Thursday, September 20, 2007

The Speed of Light!

Okay, when it comes to photography, it's all about shooting "light". There are many factors that go into that, but for now, I want to talk about shutter speed... wikipedia goes into detail about it. But let me try and demonstrate...

Without getting into the understanding of exposure and factoring in your ISO and aperture camera settings, shutter speed is how many seconds you set your shutter to stay open. The longer you leave it open, the more light will be let in. Shutters typically open and close real fast like they do in a simple point-and-shoot camera. SLR cameras allow you to control how "fast" or how "slow" the shutter will open and close. A slow shutter speed, such as 1/8 to a full second, will let in more light, letting you blur an object or capture a night shot. Slow shutter speeds settings I use are anywhere from 1/20th of a second to a full 3 seconds, depending on what I want to accomplish and how much light I'm dealing with. Here are some examples:

I used 1/4th sec. shutter speed here, notice the softer "blur" look the water has. Yes, a popular technique you've seen before


I used a setting of 1/2 a second here to let in more light and capture detail in the dark. Notice some of the people in motion down below are blurred (like the waterfall shot above)


With a faster shutter speed, you can "freeze" action, which is great for sports photography, weddings (sometimes), or any action you want to capture sharp. Keep in mind that when you use fast shutter speeds, you're telling the camera to open and close very fast, letting in very little light. Your shots will be dark if you don't compensate for this loss of light by adjusting your aperture (e.g., f-stop) and ISO settings (sensitivity to light), but that's another topic!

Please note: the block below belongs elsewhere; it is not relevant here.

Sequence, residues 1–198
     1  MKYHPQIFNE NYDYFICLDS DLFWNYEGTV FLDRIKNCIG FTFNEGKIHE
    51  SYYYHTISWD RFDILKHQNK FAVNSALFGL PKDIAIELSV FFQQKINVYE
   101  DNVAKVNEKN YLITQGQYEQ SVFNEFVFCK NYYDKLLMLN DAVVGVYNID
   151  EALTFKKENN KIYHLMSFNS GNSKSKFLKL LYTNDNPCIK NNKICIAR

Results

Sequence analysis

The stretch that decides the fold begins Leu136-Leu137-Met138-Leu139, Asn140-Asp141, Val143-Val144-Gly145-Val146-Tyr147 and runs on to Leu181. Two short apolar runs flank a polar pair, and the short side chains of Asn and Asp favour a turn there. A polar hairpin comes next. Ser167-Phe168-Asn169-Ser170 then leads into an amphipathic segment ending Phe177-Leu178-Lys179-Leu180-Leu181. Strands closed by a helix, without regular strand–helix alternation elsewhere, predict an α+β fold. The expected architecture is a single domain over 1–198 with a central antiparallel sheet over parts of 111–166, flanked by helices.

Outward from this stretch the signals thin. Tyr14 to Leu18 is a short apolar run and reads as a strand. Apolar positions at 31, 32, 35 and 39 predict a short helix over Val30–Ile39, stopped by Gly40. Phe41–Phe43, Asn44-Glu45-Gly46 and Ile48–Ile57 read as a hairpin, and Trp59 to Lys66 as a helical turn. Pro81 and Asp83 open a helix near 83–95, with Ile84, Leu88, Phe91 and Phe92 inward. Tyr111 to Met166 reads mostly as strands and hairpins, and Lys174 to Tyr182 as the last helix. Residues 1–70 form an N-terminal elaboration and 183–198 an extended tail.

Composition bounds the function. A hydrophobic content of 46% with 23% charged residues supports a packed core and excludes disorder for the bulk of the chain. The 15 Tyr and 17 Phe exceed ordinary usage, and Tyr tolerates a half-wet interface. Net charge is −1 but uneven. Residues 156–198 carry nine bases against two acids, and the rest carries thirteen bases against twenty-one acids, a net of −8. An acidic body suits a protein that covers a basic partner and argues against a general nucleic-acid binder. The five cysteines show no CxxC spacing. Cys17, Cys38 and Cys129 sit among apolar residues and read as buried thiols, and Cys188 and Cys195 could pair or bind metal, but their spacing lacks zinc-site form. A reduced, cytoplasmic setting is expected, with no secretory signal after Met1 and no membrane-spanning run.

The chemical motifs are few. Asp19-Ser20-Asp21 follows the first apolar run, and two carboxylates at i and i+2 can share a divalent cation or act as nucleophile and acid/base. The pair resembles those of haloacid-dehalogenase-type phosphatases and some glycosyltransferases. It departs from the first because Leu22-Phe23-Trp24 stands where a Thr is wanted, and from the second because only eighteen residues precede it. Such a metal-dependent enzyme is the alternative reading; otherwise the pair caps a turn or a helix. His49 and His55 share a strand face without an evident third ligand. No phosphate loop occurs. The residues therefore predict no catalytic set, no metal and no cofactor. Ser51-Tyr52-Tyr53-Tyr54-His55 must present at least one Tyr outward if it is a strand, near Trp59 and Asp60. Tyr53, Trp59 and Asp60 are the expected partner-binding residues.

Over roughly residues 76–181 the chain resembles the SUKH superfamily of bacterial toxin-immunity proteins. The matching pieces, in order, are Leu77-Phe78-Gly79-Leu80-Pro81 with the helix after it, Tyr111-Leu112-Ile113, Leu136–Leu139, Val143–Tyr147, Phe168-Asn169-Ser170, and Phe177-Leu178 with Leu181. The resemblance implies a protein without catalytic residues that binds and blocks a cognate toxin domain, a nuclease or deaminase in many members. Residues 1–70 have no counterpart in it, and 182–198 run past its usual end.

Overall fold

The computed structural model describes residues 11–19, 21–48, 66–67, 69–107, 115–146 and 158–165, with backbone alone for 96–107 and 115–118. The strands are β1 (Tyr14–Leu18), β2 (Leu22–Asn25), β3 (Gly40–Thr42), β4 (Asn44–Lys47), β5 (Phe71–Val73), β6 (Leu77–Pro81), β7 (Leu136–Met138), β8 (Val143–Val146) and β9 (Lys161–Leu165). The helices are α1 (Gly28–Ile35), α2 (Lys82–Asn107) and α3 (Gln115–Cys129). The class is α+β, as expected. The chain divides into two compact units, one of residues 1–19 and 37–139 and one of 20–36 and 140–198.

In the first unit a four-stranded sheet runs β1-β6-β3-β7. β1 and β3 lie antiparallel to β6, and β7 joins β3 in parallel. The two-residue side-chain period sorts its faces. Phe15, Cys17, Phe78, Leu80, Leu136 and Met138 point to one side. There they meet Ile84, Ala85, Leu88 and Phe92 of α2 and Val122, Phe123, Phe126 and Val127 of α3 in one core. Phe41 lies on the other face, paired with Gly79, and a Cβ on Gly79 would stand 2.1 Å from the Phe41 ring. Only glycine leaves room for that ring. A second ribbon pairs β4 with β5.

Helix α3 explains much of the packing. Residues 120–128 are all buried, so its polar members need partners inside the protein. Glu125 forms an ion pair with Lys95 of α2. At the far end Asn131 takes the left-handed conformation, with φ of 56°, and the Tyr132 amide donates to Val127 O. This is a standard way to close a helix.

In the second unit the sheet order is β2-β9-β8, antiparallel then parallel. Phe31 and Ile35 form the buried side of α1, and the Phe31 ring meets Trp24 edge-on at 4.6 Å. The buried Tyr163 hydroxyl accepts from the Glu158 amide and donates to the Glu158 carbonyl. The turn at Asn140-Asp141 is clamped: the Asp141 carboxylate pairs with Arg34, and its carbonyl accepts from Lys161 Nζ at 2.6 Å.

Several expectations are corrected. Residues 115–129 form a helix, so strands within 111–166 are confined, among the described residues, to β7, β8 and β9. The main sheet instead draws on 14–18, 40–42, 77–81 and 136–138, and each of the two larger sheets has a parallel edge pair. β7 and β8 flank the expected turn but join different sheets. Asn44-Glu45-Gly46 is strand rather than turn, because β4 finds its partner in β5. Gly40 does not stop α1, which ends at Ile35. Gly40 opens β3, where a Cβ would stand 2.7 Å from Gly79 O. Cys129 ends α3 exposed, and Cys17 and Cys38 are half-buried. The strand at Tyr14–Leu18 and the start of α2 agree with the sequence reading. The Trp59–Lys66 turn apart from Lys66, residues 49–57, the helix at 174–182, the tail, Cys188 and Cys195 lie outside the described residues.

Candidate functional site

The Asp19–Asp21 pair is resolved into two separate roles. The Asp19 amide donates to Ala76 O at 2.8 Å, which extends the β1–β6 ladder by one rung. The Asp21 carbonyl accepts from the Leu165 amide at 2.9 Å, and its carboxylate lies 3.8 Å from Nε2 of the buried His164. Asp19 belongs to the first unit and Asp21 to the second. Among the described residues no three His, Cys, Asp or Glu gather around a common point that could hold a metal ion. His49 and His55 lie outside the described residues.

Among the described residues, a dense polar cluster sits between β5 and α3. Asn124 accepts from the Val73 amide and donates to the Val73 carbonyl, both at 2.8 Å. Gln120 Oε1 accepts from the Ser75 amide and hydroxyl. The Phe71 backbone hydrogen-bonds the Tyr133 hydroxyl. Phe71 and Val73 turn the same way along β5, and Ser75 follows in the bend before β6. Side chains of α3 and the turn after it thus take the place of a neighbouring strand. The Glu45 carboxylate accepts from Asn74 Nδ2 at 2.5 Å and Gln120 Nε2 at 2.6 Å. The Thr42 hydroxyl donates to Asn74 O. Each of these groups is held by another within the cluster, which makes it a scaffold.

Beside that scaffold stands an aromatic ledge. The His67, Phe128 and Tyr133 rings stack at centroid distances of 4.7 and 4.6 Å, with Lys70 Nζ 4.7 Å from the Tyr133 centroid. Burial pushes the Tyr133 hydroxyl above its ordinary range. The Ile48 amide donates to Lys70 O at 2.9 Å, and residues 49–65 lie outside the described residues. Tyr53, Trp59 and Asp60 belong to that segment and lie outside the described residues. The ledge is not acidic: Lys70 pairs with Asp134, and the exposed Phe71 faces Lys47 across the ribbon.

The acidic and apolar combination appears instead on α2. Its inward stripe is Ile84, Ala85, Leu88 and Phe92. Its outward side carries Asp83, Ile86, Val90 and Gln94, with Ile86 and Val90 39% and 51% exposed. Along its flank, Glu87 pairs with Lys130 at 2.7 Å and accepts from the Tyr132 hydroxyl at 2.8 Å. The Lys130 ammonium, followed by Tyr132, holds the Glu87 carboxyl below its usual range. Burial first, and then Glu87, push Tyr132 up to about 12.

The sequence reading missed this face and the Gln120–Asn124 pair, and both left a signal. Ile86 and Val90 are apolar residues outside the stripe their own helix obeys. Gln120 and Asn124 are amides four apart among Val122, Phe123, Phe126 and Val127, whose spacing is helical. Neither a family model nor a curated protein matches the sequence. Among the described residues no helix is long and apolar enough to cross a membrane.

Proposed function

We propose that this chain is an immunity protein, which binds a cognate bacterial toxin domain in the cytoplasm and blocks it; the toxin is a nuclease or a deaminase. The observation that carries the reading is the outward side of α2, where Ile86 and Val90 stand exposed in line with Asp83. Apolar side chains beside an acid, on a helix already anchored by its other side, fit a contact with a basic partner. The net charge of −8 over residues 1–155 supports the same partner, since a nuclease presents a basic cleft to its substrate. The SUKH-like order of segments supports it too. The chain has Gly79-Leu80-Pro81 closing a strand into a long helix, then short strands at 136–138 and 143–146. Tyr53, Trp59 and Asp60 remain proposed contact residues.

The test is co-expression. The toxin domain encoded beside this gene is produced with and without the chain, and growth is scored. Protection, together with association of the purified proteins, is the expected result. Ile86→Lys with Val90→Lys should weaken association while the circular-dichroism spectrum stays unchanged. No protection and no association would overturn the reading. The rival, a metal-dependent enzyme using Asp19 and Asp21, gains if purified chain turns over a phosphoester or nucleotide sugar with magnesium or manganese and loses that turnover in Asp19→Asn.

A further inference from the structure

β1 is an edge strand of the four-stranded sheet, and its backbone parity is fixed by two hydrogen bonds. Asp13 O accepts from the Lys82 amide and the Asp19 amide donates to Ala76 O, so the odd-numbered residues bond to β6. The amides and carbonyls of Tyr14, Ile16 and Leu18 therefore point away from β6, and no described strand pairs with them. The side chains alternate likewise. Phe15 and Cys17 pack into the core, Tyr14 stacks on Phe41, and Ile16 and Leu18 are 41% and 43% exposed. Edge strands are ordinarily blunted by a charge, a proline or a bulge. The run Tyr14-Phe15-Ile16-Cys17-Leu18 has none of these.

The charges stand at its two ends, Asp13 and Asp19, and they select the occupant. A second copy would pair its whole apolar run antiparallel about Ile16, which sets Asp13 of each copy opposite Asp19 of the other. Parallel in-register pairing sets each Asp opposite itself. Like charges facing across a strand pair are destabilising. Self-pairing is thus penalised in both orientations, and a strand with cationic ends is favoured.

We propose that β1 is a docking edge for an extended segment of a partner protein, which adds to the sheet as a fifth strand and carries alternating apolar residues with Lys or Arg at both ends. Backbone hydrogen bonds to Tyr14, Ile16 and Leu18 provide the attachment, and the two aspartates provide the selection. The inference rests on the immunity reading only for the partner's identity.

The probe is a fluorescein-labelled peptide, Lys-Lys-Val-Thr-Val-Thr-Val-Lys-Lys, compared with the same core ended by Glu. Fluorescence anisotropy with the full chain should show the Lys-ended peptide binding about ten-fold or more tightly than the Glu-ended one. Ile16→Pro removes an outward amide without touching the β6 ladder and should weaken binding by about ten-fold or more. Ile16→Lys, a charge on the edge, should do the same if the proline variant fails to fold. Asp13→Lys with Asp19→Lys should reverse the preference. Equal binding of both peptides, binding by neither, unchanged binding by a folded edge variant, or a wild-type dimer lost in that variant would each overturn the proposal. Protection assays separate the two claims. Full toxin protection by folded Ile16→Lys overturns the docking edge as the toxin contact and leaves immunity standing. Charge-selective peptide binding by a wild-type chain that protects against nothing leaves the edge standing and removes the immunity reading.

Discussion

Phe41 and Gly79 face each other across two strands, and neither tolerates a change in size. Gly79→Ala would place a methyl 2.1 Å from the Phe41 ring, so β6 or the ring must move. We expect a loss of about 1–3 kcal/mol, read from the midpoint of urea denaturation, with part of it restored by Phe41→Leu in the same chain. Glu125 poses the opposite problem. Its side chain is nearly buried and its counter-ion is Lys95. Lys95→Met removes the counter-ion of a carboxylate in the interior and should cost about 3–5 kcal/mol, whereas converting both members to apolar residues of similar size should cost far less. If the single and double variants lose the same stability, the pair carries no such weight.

Here are some examples:


I shot this at 1/750th of a second so you can see the ripples and droplets (taken at the World War Memorial)


We all know how fast a bullet travels. The .45 caliber round travels at approximately 950 feet per second, a heavy and hard hitting round (yes I know my guns, I was a firearms instructor remember?). Now I don't have a shot of a bullet traveling down range (I'm working on it, hehe), but I found an image showing the shell casings ejecting out of .45 caliber Thompson sub-machine gun.

This dramatic example of fast shutter speeds was shot by a fellow Canon shooter, probably at or around 1/1000ths of a second, maybe more or less depending on available light.





In the image above from Erin and Chris' wedding, you can see the bouquet was "frozen" in mid-air at 1/200ths of a second... so cool :)


So there's your photography insight of the day.... now where's my shotgun? :)


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